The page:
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AT75, vicinity Nelson New Zealand, 2017
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|On 9 April 2017, an ATR 72-500 crew were unable to obtain a right main landing gear locked down indication during their approach to Nelson and diverted to Palmerston North where the gear did not collapse on landing. The Investigation found the indication had been consequent on failure of both right main gear locking springs due to corrosion and that existing preventative maintenance procedures would not have detected this. It was also noted that contrary to the applicable procedures, the crew had cycled the gear several times which might, but in the event did not, have had significant effects.|
|Actual or Potential
|Human Factors, Loss of Control|
|Operator||Mount Cook Airline|
|Type of Flight||Public Transport (Passenger)|
|Actual Destination||Palmerston North International|
|Take off Commenced||Yes|
|Flight Phase||Missed Approach|
|Location - Airport|
|Tag(s)||Inadequate Airworthiness Procedures,|
|Tag(s)||Procedural non compliance|
|Damage or injury||Yes|
|Causal Factor Group(s)|
On 9 April 2017, an ATR 72-500 (ZK-MCY) being operated by Mount Cook Airline on a scheduled domestic passenger flight from Auckland to Nelson was unable to obtain a right main landing gear locked-down status indication on approach to Nelson in day VMC and after declaring a ‘PAN’ diverted to the longer runway at Palmerston North where despite the same unsafe indication for the right gear, it did not collapse and the aircraft was stopped on the runway for disembarkation.
An Investigation into the accident was carried out by the Transport Accident Investigation Commission (TAIC). The CVR was removed from the aircraft and the QAR was downloaded. When the CVR data were subsequently downloaded, it was found that although the crew had tripped the corresponding CB before leaving the aircraft, the first few minutes of relevant data had been overwritten because this CB had been reset when the aircraft was later removed from the runway.
It was noted that the Captain, who was a current Training Captain with the operator had a total of 5,500 hours flying experience of which over 2000 hours were on type. He had joined the operator four years earlier as a First Officer and been promoted to Captain in September 2015. The First Officer, who was designated as PF for the flight, had 3,107 hours flying experience of which 1,870 were on type, and had joined the operator in October 2013. The senior member of the two-person cabin crew was undergoing a routine line check conducted by a supernumerary cabin crew trainer.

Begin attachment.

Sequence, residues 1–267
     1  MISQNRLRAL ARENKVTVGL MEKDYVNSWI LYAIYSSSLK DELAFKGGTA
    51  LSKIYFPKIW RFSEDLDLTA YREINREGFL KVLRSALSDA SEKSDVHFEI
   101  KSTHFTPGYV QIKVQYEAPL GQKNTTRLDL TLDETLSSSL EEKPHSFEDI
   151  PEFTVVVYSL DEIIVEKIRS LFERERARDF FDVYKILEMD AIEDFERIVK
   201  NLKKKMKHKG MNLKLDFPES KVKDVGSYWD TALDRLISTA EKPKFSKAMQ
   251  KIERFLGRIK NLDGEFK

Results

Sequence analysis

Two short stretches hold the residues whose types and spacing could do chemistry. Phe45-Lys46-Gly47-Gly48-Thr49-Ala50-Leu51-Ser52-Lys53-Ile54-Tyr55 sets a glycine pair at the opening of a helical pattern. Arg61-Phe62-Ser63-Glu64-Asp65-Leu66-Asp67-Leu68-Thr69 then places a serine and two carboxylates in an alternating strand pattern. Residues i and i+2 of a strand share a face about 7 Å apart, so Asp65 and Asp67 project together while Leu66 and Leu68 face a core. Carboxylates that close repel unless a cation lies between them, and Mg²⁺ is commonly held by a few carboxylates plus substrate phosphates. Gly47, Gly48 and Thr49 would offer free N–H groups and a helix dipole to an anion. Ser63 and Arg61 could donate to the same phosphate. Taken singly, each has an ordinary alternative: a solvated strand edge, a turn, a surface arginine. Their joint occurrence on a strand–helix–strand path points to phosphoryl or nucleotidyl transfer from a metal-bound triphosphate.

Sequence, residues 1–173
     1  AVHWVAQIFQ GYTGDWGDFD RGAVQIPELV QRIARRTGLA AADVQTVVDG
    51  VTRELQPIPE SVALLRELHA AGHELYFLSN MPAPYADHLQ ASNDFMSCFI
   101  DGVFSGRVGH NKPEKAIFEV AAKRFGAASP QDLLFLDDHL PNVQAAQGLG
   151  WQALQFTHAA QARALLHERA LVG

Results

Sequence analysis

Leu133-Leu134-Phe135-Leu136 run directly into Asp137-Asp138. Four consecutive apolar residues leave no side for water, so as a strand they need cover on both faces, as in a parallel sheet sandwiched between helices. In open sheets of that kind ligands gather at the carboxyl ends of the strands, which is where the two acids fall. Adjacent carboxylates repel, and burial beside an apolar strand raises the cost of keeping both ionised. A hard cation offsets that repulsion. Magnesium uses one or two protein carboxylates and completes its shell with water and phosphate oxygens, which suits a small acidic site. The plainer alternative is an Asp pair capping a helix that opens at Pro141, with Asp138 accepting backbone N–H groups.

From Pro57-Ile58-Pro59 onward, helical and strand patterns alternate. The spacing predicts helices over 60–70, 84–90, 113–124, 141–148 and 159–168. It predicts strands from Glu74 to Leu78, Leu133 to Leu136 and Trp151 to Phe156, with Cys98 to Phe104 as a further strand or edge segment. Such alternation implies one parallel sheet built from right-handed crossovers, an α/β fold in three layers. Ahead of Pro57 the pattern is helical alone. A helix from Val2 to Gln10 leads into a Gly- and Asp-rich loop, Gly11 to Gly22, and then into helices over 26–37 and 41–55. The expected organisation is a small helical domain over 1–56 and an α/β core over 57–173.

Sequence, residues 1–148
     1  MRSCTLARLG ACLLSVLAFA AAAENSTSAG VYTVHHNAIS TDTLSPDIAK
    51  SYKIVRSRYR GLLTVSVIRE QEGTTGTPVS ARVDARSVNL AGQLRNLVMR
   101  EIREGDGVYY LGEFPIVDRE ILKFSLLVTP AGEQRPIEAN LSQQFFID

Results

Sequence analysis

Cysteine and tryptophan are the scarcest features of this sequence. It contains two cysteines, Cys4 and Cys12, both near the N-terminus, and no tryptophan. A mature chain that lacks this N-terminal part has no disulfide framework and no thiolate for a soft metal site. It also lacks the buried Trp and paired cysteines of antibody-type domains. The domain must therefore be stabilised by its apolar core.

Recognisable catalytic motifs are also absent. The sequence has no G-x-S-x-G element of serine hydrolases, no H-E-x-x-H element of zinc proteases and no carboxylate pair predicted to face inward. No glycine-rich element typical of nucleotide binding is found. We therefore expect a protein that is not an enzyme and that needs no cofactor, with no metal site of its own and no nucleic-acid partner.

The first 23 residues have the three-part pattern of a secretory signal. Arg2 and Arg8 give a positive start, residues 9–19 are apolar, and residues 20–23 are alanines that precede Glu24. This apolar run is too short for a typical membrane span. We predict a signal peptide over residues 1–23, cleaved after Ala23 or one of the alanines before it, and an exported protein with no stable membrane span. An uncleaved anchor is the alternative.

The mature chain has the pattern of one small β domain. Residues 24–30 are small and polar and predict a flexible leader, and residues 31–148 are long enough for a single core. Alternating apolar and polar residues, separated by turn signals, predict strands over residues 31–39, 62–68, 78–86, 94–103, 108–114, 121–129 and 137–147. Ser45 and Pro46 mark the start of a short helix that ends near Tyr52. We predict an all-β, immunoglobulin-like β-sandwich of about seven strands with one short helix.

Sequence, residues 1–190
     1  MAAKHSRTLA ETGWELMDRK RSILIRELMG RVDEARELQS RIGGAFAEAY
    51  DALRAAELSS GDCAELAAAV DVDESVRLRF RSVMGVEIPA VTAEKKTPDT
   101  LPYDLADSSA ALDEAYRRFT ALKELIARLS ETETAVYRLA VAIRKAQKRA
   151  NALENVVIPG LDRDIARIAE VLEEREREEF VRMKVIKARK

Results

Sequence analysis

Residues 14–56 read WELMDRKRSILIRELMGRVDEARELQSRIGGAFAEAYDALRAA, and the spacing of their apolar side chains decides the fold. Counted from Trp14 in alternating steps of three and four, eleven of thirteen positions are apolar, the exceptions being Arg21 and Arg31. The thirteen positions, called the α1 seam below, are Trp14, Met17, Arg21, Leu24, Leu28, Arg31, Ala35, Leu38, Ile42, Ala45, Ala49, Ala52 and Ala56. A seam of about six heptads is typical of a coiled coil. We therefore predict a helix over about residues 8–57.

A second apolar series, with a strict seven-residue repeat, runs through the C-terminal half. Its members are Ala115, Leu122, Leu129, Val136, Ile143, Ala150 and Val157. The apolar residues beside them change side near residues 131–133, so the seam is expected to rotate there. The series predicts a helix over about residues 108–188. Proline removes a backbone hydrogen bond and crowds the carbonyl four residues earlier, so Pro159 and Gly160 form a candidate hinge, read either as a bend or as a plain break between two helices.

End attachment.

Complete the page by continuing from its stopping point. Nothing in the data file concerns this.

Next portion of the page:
The flight had proceeded uneventfully until the landing gear was selected down during the approach to runway 02 at Nelson, following which the status indication for the right main gear showed red rather than the expected green on both the primary and secondary indicators. After making a go around and being unable to resolve the problem, the flight declared a ‘PAN’ and advised an intention to divert to Palmerston North which had a longer runway available. After making this transit at 15,000 feet, the Captain took control and, after further unsuccessful attempts to get an indication that all landing gear legs were locked down, made a visual daylight approach to runway 07. On touchdown leading with the left main gear, the power levers were closed and the aircraft was brought to a stop approximately 500 metres prior to the end of the 1900 metre-long runway on a heading of about 10° left of the centreline. The right main gear outer tyre was found deflated and a skid mark showed that it had skidded about 150 metres before bursting. The passengers were subsequently disembarked from the aircraft and taken to the terminal by bus.
The origin of the ‘gear-unsafe’ Indication
An examination of the right main landing gear assembly found that two locking springs which are intended to pull the secondary alignment brace into an over-centre locked position had broken and this locking mechanism had not fully engaged (see the illustration below). It was noted that the complete right main landing gear assembly involved had originally been fitted to another of the operator’s ATR72 aircraft during manufacture in 2002. The applicable maintenance schedule required that a full overhaul should occur after the first of either 18,000 cycles or 8 eight years and after completion of this overhaul, the assembly had then been refitted to a different aircraft - the one involved - in November 2009.
It was also noted that the complete landing gear assembly was also subject to inspection every 5,000 flight hours as part of each ‘C Check’. But this “was a visual inspection and did not require the removal of components”. The most recent of eight ‘C Check’ inspections of the failed locking springs was found to have occurred in mid-2016 following which the side brace assembly had accumulated 1,420 flight hours and 1,456 flight cycles. In total in the 14 years since its original installation in the previous aircraft, the side brace had accumulated a total 35,829 flight hours and 36,366 flight cycles.
An independent specialist examination established that both locking springs had failed due to “stress corrosion cracking followed by fatigue initiated corrosion” with the cracking then propagating until the spring was no longer capable of supporting the load and failure occurred. The fracture surfaces of the two springs were almost identical but it was not possible to determine whether they had failed simultaneously. This examination also noted that although the springs were made of stainless steel, they would not have been immune to salt-induced corrosion and stress cracking. One of the failed springs was, on request, forwarded to the OEM along with another, still-intact but higher life spring taken from another aircraft in the Mount Cook fleet for comparison. The OEM advised that the failure of the spring was attributable to “intergranular corrosion that then expanded by stress corrosion cracking followed by fatigue” and that their inspection of it had identified both chlorine and sodium, suggesting that the onset of corrosion may well have been attributed to the operational environment. ATR and the spring OEM advised the Investigation that they had records of 19 previous locking spring failures, all of which had involved the failure of only one of a spring pair.